Iraqi forces in Mosul fight Daesh counter-attack

Displaced residents of Mosul evacuate the city on Thursday during an offensive by security forces to retake the western parts of the city from Daesh group. (AFP)
Updated 02 March 2017
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Iraqi forces in Mosul fight Daesh counter-attack

MOSUL: Daesh terrorists launched a counter-attack against advancing US-backed Iraqi forces in western Mosul during an overnight rain storm, as the battle for control of the militants’ last major urban stronghold in Iraq intensified.
Explosions and gunfire rang out across the city’s southwestern districts in the early hours of Thursday. The fighting eased in the late morning, although a Reuters correspondent saw an air strike and rebel mortar fire.
A senior Iraqi officer said Daesh staged its attack on units from the elite Counter Terrorism Service (CTS) when the storm and strong winds hampered air surveillance and on-the-ground visibility.
He said some militant fighters hid among displaced families to get close to the US-trained troops.
Iraqi forces captured the eastern side of Mosul in January after 100 days of fighting and launched their attack on the districts that lie west of the Tigris river on Feb. 19.
Defeating Daesh in Mosul would crush the Iraqi wing of the caliphate declared by the group’s leader, Abu Bakr Al-Baghdadi, in 2014, from Mosul’s grand old Nuri mosque.
Residents reported that civilians were killed in an air strike on an Daesh-run mosque on Wednesday, highlighting the perilous situation facing hundreds of thousands of Mosul residents as the allied forces step up their campaign.
The residents said the blast collapsed or damaged a number of neighboring houses, many of which are badly made and poorly maintained. A spokesman for the US-led coalition said he was not aware of an air strike on the Omar Al-Aswad mosque.
The mosque was where Daesh sent members of the Iraqi national police and armed forces to surrender their weapons and register in a militant database when the group seized control of the city in 2014. In return they received a pass to prevent their arrest and possible execution at militant check points.
The Iraqi military believes several thousand militants, including many who traveled from Western countries, are hunkered down in Mosul among the remaining civilian population, which aid agencies estimated to number 750,000 at the start of the latest offensive.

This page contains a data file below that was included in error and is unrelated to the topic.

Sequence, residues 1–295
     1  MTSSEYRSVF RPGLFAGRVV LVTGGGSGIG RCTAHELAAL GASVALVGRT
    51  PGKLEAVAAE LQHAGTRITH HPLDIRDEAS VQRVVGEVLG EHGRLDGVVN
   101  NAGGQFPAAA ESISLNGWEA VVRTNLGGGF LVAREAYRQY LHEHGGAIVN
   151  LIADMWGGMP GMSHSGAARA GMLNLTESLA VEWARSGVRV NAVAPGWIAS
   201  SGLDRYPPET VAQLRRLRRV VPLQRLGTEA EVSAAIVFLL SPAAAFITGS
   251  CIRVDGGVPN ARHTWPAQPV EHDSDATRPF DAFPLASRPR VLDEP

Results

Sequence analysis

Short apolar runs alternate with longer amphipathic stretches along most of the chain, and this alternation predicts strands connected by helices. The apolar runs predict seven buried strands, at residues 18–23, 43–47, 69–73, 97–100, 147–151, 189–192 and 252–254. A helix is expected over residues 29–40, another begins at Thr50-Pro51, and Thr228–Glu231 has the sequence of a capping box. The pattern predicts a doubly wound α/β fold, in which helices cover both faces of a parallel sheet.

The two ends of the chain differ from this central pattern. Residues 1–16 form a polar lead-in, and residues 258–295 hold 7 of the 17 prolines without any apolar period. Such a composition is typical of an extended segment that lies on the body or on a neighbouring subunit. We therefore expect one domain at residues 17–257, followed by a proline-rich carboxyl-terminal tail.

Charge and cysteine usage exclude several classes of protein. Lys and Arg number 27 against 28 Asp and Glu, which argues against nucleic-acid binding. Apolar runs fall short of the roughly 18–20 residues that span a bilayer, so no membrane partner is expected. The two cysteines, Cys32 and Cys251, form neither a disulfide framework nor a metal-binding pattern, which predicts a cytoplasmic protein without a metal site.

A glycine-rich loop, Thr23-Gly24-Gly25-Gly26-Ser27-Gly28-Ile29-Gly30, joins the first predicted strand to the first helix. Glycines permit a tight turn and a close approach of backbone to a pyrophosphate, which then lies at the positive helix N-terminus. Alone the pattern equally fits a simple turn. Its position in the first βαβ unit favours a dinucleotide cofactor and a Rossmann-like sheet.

The militants are using suicide car bombers, snipers and booby traps to counter the offensive waged by the 100,000-strong force of Iraqi troops, Kurdish peshmerga fighters and Iranian-trained paramilitary groups.
More than 31,000 civilians have been forced from their homes in western Mosul in the latest phase of the battle that began on Feb. 19, while the total number displaced since the offensive for Mosul started in October exceeds 191,000, according to the UN.
On Thursday, more than a thousand more streamed out of southern Mosul, the majority on foot. Some said the militants fired at them as they crossed a defensive trench.
One bearded man with a rod though his broken leg was carried by six men in a rug, while an old woman was pushed in a rickety fruit cart.
Nearby, a Humvee brought a family wounded in a mortar attack to a CTS clinic. Medics cleaned their wounds and wrapped them in blankets.
Many fleeing residents complained of hunger. One boy, Ali, held his baby sister as they queued for food handouts. He said they tried to flee on Wednesday but gave up when they came under Daesh gunfire. On Thursday they managed to get out.
The Iraqi military is taking women and children to camps and screening men to make sure they are not Daesh fighters. Hundreds of women and children gathered in one abandoned bus station in the rain to receive food from the army and a local charity.
A counter-terrorism officer fired his pistol in the air to keep the growing crowd in line.


Egypt referendum extending El-Sisi rule to 2030 passes with 88 percent of vote

Updated 31 min 27 sec ago
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Egypt referendum extending El-Sisi rule to 2030 passes with 88 percent of vote

  • Turnout was 44.33% of eligible voters
  • Pro-government media, business people and lawmakers had pushed for a "Yes" vote

CAIRO: Egypt's election commission says voters have approved constitutional amendments allowing President Abdel Fattah El-Sisi to remain in power until 2030.

Lasheen Ibrahim, the head of the commission, said on Tuesday the amendments were approved with 88.83% voting in favor. The turnout was 44.33% of eligible voters. The nationwide referendum took place over three days, from Saturday through to Monday to maximize turnout.

Pro-government media, business people and lawmakers had pushed for a "Yes" vote and a high turnout by offering incentives.

More to follow...